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SLOW-GRADING TEACHERS: CANARIES IN OUR COAL MINES

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This is what students call “Early Decision week,” and college counseling offices are quietly freaking out as they collate the last bits of paperwork to send off to colleges in support of students’ applications.

When I directed such an office, the bane of my existence at this time of year were teachers who had left the writing of recommendations until the last minute. We had one egregious laggard, and it was often not until the afternoon of the actual due date that the letters would appear—sensitive and beautifully written, almost good enough to merit instant forgiveness for the stress that had been caused.

This same person had made life hard when I was academic dean, too, because they were (I’m trying to protect identity here) always horrendously behindhand in submitting grades and narrative comments. When they finally arrived, the comments were always excellent, thoughtful and reflecting a deep understanding of the students.

This teacher was also notoriously slow in grading and returning work, which was problematic throughout their tenure. I had occasion to poke and prod, as did the department head, the division head, and the assistant head of school. But the habits persisted.

In a couple of conversations—I was trying to be supportive—I made some progress, I thought, toward the bottom of the issue. Official deadlines for institutional paperwork are law for me, psychologically, but I, too, was a slow grader of essays and projects. I know all the arguments for speed in this process, and I buy most of them, but I know what hung me up sometimes and what almost paralyzed my slow-moving colleague.

Not to put too fine a point on it, the process of grading in traditional frameworks—A-B-C or 0–100 or 4.0—feels just awful to many of us. Even with the most prolific addition of comments, notes, and other kinds of feedback, the final act of adding a grade to a piece of student work, especially when the work must necessarily be with a degree of subjectivity, feels rather shy on justice. The grade feels like a judgment on the kid as well as the work, and many of us are wary of trying to judge the degree of real effort and thought that has gone into a piece of work. Sometimes it’s easy to tell, but all too often it’s not, and the grade, even in schools that have “effort grades” or other systems for stripping out the effort factor, is at best a crude approximation of something that is extremely difficult to apprehend.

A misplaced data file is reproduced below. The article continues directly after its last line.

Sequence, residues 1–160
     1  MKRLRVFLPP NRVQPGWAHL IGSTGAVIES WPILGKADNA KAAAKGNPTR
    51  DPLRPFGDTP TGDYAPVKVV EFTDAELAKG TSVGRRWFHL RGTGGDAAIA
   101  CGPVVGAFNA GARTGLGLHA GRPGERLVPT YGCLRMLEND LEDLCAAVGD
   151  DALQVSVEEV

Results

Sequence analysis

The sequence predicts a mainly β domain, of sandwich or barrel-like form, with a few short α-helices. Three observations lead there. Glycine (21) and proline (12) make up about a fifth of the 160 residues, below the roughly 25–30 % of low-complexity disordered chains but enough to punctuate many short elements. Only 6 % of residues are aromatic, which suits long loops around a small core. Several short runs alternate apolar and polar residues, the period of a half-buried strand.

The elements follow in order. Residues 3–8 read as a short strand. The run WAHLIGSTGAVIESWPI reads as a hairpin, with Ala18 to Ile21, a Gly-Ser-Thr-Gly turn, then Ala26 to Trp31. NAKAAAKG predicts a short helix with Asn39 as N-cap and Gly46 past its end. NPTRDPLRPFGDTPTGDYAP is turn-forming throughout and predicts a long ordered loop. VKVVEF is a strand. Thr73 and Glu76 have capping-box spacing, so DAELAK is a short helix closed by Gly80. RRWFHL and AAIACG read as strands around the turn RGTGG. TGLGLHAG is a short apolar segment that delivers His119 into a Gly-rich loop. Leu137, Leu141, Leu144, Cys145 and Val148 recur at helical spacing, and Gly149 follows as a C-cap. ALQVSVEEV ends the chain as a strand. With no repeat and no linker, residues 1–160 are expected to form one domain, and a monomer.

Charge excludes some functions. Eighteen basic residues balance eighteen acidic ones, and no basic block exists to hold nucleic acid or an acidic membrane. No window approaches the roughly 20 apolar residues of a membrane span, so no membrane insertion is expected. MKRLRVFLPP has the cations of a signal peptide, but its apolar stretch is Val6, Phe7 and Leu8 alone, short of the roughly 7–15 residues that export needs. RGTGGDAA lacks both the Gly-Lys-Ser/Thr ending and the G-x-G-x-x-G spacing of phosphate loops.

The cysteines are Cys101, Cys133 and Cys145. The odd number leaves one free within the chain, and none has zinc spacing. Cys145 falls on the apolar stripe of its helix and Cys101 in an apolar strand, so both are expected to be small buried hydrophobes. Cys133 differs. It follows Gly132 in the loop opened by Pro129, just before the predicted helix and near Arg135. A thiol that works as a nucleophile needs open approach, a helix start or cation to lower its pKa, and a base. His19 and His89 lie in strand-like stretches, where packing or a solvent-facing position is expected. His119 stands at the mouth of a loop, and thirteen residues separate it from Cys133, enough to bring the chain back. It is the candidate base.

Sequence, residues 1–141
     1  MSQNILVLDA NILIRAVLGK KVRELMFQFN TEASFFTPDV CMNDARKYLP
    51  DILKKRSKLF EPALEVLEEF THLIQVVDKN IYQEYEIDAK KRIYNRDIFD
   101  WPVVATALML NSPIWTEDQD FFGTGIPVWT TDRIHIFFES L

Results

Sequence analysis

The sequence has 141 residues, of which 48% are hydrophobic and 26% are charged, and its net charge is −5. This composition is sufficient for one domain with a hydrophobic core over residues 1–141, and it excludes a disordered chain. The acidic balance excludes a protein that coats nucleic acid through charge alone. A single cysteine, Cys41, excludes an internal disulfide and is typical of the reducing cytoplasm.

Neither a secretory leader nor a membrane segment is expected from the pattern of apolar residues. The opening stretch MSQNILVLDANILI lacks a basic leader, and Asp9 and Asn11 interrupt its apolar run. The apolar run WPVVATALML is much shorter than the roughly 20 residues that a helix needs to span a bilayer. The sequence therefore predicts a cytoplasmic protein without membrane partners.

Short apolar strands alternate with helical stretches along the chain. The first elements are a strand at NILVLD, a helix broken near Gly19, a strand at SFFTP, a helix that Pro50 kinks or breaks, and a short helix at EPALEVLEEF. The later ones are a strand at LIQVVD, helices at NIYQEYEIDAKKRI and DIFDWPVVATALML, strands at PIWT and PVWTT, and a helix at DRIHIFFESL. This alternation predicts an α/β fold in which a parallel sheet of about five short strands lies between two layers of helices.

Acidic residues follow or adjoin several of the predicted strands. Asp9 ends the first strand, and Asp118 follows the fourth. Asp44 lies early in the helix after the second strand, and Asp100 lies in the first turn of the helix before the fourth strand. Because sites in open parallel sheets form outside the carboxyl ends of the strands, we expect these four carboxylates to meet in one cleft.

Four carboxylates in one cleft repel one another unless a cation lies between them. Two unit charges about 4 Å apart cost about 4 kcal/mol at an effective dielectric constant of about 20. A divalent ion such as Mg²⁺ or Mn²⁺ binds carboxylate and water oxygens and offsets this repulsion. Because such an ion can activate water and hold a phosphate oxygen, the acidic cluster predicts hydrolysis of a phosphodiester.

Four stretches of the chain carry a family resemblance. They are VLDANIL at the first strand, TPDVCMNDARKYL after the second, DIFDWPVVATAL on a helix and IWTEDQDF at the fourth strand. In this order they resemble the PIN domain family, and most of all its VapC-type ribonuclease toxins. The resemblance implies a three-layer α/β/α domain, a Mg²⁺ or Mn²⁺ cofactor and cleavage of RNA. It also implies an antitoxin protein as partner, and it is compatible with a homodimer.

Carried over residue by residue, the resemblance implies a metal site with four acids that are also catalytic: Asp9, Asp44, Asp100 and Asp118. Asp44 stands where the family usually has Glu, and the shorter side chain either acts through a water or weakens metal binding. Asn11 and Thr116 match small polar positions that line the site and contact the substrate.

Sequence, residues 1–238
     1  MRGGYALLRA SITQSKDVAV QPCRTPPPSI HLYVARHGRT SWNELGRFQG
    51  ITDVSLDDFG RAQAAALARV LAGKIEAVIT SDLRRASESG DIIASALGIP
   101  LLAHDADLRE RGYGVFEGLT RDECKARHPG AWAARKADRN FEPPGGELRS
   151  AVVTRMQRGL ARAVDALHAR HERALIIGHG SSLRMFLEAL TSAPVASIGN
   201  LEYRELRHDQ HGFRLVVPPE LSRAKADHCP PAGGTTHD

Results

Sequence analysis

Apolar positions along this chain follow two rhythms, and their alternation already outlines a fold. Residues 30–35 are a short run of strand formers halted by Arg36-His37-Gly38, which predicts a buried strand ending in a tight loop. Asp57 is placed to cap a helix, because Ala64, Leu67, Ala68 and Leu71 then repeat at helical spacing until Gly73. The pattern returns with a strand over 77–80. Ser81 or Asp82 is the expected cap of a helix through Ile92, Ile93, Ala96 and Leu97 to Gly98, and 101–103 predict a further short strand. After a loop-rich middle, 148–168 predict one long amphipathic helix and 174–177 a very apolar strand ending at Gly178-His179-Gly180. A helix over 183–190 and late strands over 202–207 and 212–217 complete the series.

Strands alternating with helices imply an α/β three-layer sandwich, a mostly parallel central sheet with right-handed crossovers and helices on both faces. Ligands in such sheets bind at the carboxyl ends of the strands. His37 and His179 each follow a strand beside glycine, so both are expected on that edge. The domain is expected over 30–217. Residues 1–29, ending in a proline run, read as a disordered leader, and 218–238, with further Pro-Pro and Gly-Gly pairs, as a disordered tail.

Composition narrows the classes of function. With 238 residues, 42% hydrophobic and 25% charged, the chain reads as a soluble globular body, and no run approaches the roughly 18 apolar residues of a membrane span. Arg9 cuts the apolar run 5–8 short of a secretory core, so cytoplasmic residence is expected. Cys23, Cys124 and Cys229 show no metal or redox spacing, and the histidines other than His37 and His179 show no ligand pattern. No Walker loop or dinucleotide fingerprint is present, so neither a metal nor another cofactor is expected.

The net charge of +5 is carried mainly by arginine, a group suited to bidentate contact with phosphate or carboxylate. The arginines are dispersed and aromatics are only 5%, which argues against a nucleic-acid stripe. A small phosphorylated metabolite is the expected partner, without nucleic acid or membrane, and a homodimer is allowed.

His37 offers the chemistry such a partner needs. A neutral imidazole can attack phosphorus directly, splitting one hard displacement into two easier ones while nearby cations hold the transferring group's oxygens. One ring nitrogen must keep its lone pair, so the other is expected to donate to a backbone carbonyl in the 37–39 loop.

Rubrics were my salvation, kind of. They at least provided a framework that helped me make broad-stroke evaluations of work and even tie those to something resembling meaningful feedback, but they weren’t perfect, and I was always aware that a few earnest students were writing as much to fit the rubric as they were to learn.

Many teachers find traditional grading distasteful, uncomfortable, and even personally wrong—the act of doing something that breeds cynicism and stands as a barrier between the work we are doing and the most sublime outcomes we could hope for. It makes us hypocrites when we measure ourselves against our ideals, and it makes many of our students into fearful creatures little better than Pavlov’s dogs.

The slow graders, I think, are and have always been the canaries in our coal mines. They’re telling us something by their struggles. Sure, some are challenged by time management and I suppose a few are just undermotivated, but their aversive response to the task of assigning traditional grades to each piece of student work is a message that these systems don’t work well, don’t really do what we want to pretend that they do.

Spend time with a group of deeply engaged educators, as I did last week at the Independent Curriculum Group’s inaugural Retreat for Academic Leaders. Ask them how much they like the grading system that they and their colleagues must use, that their students must experience. You’ll not find many votes of approval for our current methods.

There are alternatives. Some schools don’t give grades at all, and some have worked toward methods and language that describe student learning and provide excellent feedback without resorting to familiar numbers or letters. There are portfolios. Independent schools have missions and values that could guide them toward their own systems.

We blame the colleges for much of the standardization in the work we do; they’ll expect to see the familiar, we tell ourselves. I hate to say it, but I think that schools ought thoughtfully and deliberately to test that proposition. After all, kids already get into college from schools that use alternative reporting systems and idiosyncratic transcripts. Maybe we need to find the courage of our deepest convictions here and see what we can do. Maybe we’ll inspire a small hiring boom in college admission offices if it takes longer to read a file, and maybe we’ll help inspire a whole new approach to that process—but that is for another day.

But I am happy to go on record as having enormous appreciation for my tardy colleague, as crazy as that tardiness may have driven me. I think I knew the depth of the anxiety that drove their aversion to a process that is, let’s face it, pretty flawed on a good day and on others downright icky. That teacher was the canary in our mine shaft, and I think schools need to look for their own canaries and think about how to respond to the message they are sending.

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